Does Ethan’s friend feel threatened by Ethan’s relationship with his ex? As Ethan later added, “I literally text and call this girl every week and am perfectly happy with how it has gone so far.”

Morgan: Wait … I think that’s exactly it. He feels threatened.

Walt: Ethan needs to ask his buddy what the real problem is — because there’s some other level to this we (including Ethan) are not picking up.

Morgan: Right. Or he can continue to lie to his friend about the relationship status.

Walt: Lying. Brilliant. Always my favorite answer.

FiveThirtyEight commissioned a SurveyMonkey Audience poll that ran Aug. 9-12 and received 1,009 responses. We presented respondents with Ethan’s question and asked them what the best advice is, given the situation. They were allowed to choose only one option.

  1. Stop talking with the friend about keeping in touch with the ex.


  2. Ask the friend if he feels threatened by the ex.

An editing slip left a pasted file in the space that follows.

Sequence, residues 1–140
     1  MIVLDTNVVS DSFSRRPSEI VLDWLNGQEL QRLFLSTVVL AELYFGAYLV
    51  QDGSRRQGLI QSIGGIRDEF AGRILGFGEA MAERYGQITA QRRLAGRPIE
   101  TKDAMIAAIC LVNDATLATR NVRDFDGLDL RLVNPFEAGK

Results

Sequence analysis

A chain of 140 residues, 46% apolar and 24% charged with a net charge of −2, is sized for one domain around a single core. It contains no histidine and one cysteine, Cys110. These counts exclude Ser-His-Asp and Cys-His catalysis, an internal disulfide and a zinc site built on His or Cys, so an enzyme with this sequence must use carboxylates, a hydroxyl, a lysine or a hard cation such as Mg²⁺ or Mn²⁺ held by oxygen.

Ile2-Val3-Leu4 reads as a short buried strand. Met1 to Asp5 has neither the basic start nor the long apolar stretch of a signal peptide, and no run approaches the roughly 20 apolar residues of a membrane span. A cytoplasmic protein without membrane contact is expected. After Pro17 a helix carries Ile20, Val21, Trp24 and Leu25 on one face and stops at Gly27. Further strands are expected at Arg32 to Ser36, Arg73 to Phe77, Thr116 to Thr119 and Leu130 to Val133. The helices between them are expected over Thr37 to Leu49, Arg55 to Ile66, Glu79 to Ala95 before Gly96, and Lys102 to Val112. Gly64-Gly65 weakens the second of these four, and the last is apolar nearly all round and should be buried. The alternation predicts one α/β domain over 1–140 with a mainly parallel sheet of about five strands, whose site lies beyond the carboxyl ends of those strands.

3. Tell the friend to stop creating drama.


  4. Continue lying to the friend about keeping in touch with the ex.


  5. None of the above is good advice.


Walt: No decisive answer here! Wow!

Morgan: This one was a bit complex, though. I’m not surprised that confronting the friend or declining to talk about it are the two most popular responses.

Walt: Right. However, this is somewhat surprising:

Stop talking with the friend about the ex 44% 33%
Ask if the friend feels threatened 22 28
Tell the friend to stop creating drama 13 18
Continue lying about the friendship 2 3
None of the above is good advice 19 19

Morgan: I’m trying not to be gender essentialist here, but I’m surprised that fewer men than women thought it was a good idea to decline chatting about the friendship.

Walt: I too was not trying to be a gender essentialist but came to a similar “huh?” Men? Turning down an opportunity to avoid a conversation? This is madness.